Rwanda Genocide Sites

Rwanda faced a brutal genocide in 1994 which claimed the lives of over 800,000 people within 100 days. The majority who died were the minority Tutsis and few Hutus. The country’s economy was destroyed which greatly affected the fragile tourism industry until 1999 when national parks were re-opened for tourists.

Once again Rwanda re-established strong conservation policies along with tourist facilities in national parks to attract visitors. Rwanda continued to diversify her tourism products to attract more tourists. Besides wildlife such as the famous mountain gorillas in volcanoes national park, wildlife in Akagera national park and chimpanzee tracking in Nyungwe forest national park, Rwanda utilized the genocide legacy to create genocide memorial sites which would not only help to fight genocide ideology but also attract tourists.

There is now tour packages designed to enable tourists visit the different genocide memorial sites where a touching story of genocide victims unfolds in photos, audios, books, documentaries, visual arts and listening live to the survivors who narrate another compelling story why Rwanda should commemorate the 1994 genocide. The experience will give tourists a deeper understanding how Rwanda is progressing from the brutal past to become a safe tourist destination in Africa.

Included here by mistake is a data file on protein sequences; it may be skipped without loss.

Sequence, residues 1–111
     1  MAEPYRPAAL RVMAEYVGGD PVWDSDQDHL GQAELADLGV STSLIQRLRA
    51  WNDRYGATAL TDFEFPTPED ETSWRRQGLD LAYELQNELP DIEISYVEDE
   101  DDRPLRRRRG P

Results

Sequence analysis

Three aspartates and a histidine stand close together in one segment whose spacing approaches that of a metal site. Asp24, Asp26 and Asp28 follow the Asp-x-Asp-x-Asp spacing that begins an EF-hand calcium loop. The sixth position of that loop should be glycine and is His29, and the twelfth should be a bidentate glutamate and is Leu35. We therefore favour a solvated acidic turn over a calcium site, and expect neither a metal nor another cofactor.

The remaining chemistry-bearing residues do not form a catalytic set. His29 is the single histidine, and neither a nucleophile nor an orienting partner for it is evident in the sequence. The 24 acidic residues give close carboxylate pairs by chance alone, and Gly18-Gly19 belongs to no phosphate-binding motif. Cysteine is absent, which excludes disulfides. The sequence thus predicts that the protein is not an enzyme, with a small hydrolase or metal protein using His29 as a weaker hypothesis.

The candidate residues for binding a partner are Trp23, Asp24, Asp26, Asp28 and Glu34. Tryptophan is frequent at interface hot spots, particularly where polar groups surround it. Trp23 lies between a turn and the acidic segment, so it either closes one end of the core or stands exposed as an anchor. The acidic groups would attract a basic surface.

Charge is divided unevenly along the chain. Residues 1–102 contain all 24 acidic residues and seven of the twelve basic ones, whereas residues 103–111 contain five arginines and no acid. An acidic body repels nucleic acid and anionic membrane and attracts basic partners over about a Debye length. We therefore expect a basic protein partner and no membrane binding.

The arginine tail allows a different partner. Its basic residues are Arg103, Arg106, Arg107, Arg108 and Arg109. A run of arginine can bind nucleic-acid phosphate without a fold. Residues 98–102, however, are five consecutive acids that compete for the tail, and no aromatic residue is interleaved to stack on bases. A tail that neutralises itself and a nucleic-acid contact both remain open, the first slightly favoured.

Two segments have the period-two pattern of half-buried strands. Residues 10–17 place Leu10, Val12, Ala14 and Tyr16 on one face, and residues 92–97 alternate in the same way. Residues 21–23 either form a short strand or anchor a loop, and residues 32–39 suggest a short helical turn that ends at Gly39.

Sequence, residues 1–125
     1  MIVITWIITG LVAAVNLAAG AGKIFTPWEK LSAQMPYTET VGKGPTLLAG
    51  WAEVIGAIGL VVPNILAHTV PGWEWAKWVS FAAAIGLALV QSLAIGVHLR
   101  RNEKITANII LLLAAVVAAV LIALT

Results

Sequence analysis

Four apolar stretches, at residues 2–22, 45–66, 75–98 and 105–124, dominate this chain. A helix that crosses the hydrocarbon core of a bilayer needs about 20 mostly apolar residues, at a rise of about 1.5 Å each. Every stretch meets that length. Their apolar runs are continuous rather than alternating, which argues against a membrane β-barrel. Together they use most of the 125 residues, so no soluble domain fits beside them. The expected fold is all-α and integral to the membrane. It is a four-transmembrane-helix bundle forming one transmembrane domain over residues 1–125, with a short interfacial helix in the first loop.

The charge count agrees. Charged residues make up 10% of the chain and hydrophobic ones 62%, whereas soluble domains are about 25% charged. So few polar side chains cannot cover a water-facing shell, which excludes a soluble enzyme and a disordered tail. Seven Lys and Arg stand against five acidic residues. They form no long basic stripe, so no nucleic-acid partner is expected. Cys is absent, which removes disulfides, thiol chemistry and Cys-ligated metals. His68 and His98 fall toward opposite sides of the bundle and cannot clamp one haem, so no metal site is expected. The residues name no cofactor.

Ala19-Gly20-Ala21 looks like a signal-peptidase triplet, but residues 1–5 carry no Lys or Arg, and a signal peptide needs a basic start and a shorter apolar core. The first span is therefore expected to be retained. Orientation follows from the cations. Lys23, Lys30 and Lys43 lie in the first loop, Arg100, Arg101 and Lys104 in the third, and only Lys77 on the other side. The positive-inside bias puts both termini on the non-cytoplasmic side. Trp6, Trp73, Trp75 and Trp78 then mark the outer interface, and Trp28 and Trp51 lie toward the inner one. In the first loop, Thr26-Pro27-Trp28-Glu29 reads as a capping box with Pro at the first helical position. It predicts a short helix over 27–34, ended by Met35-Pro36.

Below are the genocide memorial sites

Murambi Genocide Memorial Site

The Murambi genocide memorial was built to remember mainly

Nyamata Genocide Memorial Site

The Nyamata memorial was set up on the former area of the

Ntarama Memorial Site

The memorial was built where the Ntarama church massacres

Gisozi Genocide Memorial Site

The Gisozi genocide memorial site also known as the Kigali